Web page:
The "best friend" thing is key to Andersen's defense.

In opening statements Monday -- which are a sort of preview of what to expect in the four-to-six week trial --Durkin said the key to the defense is "wouldn't, couldn't can't."

"The evidence will show he wouldn't shoot his best friend,' Durkin said. The two were friends since kindergarten and did everything together -- hunting, trapping, fishing drinking, snowmobiling.

"They laughed together and they cried together -- they supported each other when their fathers died."

Assistant Attorney General Al Zdrazil is handling prosecution of the case, along with County Attorney Mike Fritz.

Andersen and Swedberg may have been friends, Fritz said in his opening statement, but evidence will show that Andersen committed the murder.

Police found the alleged murder weapon -- a Tikka 300 Winchester Short Magnum bolt-action rifle -- hidden under insulation in the rafters in one of Andersen's outbuildings.

On top of that, they found it after Andersen told them they could not search there, because the building was owned by his brother, Frank, and he had denied permission for a search.

When asked by police, the brother denied saying any such thing.

That was allegedly a pattern with Andersen. He would tell the police something and give them the name of a person that could confirm the story. But when police checked, the "confirmations" never came through.

Other statements by Andersen also failed to hold water, Fritz said in his opening statement.

Andersen told police he didn't own the Tikka 300 anymore. But there is no evidence to back up his story that he worked a trade with Swedberg involving two muzzleloaders and $250.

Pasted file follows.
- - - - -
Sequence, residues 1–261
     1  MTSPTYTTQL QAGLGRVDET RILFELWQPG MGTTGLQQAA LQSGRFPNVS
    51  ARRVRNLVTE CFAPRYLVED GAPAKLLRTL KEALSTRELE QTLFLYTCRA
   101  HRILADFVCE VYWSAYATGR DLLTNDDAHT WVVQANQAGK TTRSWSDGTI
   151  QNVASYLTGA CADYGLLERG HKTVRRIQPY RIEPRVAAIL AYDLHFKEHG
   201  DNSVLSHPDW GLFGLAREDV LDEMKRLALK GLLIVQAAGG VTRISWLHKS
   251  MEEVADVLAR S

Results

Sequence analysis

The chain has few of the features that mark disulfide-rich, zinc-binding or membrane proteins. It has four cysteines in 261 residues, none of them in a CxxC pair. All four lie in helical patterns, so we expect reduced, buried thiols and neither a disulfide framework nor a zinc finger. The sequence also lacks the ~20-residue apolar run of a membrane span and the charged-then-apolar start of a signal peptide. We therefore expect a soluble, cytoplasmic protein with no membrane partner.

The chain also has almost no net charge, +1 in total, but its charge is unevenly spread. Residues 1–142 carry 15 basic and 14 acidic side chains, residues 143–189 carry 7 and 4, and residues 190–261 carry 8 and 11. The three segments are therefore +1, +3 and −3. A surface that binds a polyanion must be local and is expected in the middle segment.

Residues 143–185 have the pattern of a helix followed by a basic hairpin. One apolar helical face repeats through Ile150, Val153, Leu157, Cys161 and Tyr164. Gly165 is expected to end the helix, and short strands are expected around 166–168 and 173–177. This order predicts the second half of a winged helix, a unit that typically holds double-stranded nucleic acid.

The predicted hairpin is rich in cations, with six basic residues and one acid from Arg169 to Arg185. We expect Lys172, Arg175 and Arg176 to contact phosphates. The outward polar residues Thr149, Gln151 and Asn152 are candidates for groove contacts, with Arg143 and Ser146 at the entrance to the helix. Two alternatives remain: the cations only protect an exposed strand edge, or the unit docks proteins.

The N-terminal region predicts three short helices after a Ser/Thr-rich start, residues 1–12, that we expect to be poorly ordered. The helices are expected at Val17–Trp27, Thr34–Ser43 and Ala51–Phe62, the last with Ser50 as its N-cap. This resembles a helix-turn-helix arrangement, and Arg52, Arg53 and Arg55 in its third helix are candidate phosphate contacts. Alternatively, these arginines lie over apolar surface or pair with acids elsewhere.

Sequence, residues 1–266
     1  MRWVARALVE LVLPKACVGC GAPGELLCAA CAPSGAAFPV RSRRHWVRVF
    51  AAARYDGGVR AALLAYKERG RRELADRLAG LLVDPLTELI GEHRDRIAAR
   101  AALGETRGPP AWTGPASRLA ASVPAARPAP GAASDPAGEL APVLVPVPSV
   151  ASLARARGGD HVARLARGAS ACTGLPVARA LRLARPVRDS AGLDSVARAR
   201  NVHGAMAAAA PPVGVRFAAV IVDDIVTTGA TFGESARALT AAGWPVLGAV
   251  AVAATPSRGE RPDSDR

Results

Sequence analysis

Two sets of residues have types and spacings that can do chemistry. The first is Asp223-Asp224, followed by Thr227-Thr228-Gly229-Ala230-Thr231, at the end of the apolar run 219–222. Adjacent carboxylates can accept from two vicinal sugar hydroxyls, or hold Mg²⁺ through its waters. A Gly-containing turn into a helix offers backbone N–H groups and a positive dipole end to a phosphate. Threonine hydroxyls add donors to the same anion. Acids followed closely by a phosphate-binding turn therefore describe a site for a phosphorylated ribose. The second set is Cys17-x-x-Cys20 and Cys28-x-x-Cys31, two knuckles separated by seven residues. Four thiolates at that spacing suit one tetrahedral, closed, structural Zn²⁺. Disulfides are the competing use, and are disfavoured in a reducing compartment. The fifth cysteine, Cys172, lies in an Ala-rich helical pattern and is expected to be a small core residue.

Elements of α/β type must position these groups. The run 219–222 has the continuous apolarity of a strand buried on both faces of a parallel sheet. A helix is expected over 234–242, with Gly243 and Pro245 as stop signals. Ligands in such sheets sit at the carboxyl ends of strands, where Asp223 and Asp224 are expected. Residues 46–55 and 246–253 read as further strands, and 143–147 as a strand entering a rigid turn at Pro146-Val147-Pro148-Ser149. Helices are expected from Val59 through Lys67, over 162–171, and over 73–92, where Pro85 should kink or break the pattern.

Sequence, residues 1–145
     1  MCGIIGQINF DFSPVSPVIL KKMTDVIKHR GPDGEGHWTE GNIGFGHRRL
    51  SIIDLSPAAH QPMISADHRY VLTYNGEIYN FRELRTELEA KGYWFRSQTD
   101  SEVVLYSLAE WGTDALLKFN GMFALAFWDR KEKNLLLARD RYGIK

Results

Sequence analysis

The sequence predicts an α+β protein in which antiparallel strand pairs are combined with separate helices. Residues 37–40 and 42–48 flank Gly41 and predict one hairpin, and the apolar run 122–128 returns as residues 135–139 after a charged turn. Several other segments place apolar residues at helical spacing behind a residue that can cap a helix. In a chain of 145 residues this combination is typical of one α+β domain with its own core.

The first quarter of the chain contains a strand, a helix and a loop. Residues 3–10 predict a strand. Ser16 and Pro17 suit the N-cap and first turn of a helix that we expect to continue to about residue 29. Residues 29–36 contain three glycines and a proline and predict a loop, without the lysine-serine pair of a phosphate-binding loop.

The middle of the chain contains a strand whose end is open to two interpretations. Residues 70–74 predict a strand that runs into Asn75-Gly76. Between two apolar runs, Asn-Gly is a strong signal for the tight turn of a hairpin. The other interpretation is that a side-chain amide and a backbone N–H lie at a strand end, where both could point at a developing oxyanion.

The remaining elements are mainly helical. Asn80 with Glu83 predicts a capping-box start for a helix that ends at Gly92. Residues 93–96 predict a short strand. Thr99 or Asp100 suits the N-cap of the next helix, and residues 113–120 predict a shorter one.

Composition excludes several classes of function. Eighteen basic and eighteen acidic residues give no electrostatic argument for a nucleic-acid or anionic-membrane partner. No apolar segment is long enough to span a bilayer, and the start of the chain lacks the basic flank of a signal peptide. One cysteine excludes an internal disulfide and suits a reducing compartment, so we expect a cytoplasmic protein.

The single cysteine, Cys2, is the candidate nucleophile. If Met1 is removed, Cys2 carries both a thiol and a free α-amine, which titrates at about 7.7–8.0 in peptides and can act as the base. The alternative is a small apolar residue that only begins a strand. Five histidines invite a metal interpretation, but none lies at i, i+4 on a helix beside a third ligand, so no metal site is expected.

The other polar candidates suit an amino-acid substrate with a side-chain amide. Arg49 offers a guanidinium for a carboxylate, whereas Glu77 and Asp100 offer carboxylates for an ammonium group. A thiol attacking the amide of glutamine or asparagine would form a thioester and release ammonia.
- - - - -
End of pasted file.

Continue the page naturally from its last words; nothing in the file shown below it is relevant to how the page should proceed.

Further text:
And law enforcement officers saw the gun in his house three weeks after he claims he got rid of it.

They were executing a search warrant in a stolen ATV case out of Roseau County.

The ATV had been stolen from a residence where Swedberg and Andersen had put up a pole barn.

The ATV was found on Swedberg's property, and he believed he had been "set up" and had told family members he wouldn't protect Andersen from a felony theft charge in the case.

"One day after the shooting, the defendant had a hearing in Roseau on the ATV theft," Fritz said.

In his opening statement, Durkin scoffed at the notion of that as a motive, noting that even if Andersen had admitted to the ATV theft, he would not have faced any prison time.

And he said ballistics tests on the bullets found in Swedberg's body were inconclusive, could not be tied to the Tikka 300, and could have come from a variety of 30-caliber rifles.

"The state can't tell you what kind of bullet was used," he told the jury. "It simply can't."

The timeline laid out by the prosecution is also flawed, he said. As is the state's theory that Andersen walked across the frozen Fish Hook Lake, which was beginning to thaw, and through muddy terrain to get to the murder scene, without leaving tracks.

The murder happened shortly after 8 a.m., and the last person to see Swedberg alive was his wife, who talked to him before he left to go to the maple syrup cooking site about a mile and a half from their home.

And yet, Fritz told the jury, on the day of Swedberg's funeral, Andersen told a bank teller that the death "was particularly hard for me, because I was probably the last person to see him alive."

Trial testimony resumed this morning at the Becker County Courthouse in Detroit Lakes.